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Differences in gene expression in the developing rat brain using cDNA microarray and real-time PCR
Uppsala University, Disciplinary Domain of Medicine and Pharmacy, Faculty of Pharmacy, Department of Pharmaceutical Biosciences, Division of Pharmacokinetics and Drug Therapy. (Margareta Hammarlund-Udenaes)
Uppsala University, Disciplinary Domain of Medicine and Pharmacy, Faculty of Pharmacy, Department of Pharmaceutical Biosciences, Division of Pharmacokinetics and Drug Therapy. (Margareta Hammarlund-Udenaes)
Uppsala University, Disciplinary Domain of Medicine and Pharmacy, Faculty of Pharmacy, Department of Pharmaceutical Biosciences, Toxicology. (Lennart Dencker)
Uppsala University, Disciplinary Domain of Medicine and Pharmacy, Faculty of Pharmacy, Department of Pharmaceutical Biosciences, Toxicology. (Lennart Dencker)
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(English)Manuscript (preprint) (Other academic)
Abstract [en]

The blood-brain barrier (BBB) is formed by endothelial cells, connected by tight junction proteins restricting paracellular transport. Transport of substances into the brain may also be limited due to active efflux transporters. Not much is known about the development of tight junction proteins and active transporters in the BBB, and how this affects drug distribution to the brain at different ages. The aim of this study was to analyze possible differences in expression of tight junction proteins and active transporters in the BBB at different postnatal ages in the rat. Brain capillary-rich fractions (BCRF) were collected and gene expression levels were compared at three postnatal ages using microarray analysis. BCRF was also analyzed for the mRNA expression levels of P-gp Abcb1 (P-gp), Abcg2 (Bcrp), Slc22a8 (Oat3) and occludin using real-time PCR at 12 different postnatal ages between postnatal Day 1 and Adult. In the array analysis, 28 genes of interest were found to be differentially expressed. The mRNA levels of Abcg2 decreased to one seventh from postnatal Day 1 to Day 15. The levels of Slc22a8 increased from birth and reached a plateau at Day 3 - 12 followed by a decrease to Day 15. These findings show that active transporters are differentially expressed in the developing BBB, possibly affecting drug distribution to the brain. No change in the mRNA levels for Abcb1 or occludin was observed.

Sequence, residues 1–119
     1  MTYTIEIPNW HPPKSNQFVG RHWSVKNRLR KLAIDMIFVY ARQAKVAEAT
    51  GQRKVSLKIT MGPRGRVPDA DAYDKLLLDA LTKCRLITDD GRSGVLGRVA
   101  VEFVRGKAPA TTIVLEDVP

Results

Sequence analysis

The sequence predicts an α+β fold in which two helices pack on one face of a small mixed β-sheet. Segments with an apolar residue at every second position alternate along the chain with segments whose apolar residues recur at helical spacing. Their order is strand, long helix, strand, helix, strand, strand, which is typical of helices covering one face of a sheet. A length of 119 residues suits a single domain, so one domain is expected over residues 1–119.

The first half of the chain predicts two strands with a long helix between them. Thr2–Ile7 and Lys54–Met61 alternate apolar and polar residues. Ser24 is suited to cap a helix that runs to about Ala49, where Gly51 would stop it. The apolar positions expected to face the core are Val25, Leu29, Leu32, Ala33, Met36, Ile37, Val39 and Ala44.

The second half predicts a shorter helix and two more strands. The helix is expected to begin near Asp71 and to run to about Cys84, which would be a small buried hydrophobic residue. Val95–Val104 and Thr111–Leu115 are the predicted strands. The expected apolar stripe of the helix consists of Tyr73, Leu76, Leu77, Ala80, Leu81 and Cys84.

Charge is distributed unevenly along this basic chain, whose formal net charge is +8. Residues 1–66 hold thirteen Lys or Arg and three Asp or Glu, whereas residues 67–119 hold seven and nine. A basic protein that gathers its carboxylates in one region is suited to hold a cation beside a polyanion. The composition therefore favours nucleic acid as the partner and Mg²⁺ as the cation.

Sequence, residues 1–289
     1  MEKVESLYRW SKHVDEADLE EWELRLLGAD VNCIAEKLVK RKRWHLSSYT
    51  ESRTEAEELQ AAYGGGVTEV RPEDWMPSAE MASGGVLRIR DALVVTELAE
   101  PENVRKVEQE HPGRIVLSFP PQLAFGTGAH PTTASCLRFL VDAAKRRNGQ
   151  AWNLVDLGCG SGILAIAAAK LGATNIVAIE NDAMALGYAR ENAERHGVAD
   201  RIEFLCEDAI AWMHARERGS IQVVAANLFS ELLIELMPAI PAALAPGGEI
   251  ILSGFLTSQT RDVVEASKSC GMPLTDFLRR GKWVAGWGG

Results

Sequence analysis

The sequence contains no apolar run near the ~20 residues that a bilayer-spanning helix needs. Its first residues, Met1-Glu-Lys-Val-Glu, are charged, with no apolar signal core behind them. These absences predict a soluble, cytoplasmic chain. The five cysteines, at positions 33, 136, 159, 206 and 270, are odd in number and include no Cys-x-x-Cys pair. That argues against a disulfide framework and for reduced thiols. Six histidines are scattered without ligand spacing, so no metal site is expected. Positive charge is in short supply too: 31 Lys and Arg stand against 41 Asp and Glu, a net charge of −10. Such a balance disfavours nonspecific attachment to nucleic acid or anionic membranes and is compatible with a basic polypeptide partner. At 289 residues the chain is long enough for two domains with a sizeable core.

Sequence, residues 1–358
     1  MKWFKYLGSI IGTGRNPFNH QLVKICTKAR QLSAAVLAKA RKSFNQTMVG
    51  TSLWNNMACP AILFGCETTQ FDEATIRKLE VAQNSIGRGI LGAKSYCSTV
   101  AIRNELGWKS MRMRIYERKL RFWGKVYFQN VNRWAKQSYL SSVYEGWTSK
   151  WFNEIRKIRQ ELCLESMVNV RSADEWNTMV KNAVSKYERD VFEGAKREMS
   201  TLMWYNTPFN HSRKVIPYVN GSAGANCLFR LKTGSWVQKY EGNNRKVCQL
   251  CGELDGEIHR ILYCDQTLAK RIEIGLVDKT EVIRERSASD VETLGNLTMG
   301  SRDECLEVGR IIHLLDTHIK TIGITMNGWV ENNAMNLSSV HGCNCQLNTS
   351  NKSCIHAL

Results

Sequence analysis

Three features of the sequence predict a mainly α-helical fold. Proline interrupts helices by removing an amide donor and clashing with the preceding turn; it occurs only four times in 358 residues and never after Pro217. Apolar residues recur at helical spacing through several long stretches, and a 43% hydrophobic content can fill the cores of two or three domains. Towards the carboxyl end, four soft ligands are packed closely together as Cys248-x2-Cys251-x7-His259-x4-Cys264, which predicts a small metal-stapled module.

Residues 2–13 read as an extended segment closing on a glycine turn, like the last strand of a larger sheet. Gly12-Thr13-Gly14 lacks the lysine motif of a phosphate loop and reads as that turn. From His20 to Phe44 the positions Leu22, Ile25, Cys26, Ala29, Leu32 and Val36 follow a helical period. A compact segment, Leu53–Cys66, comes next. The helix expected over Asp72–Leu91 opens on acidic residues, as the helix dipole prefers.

Keyword [en]
Blood-brain barrier, development, active transport, tight junctions, microarray, real-time PCR
National Category
Pharmaceutical Sciences
Research subject
Pharmacokinetics and Drug Therapy
Identifiers
URN: urn:nbn:se:uu:diva-109367OAI: oai:DiVA.org:uu-109367DiVA: diva2:272142
Available from: 2009-10-14 Created: 2009-10-14 Last updated: 2010-01-14
In thesis
1. Developmental Aspects of Drug Transport Across the Blood-Brain Barrier
Open this publication in new window or tab >>Developmental Aspects of Drug Transport Across the Blood-Brain Barrier
2009 (English)Doctoral thesis, comprehensive summary (Other academic)
Abstract [en]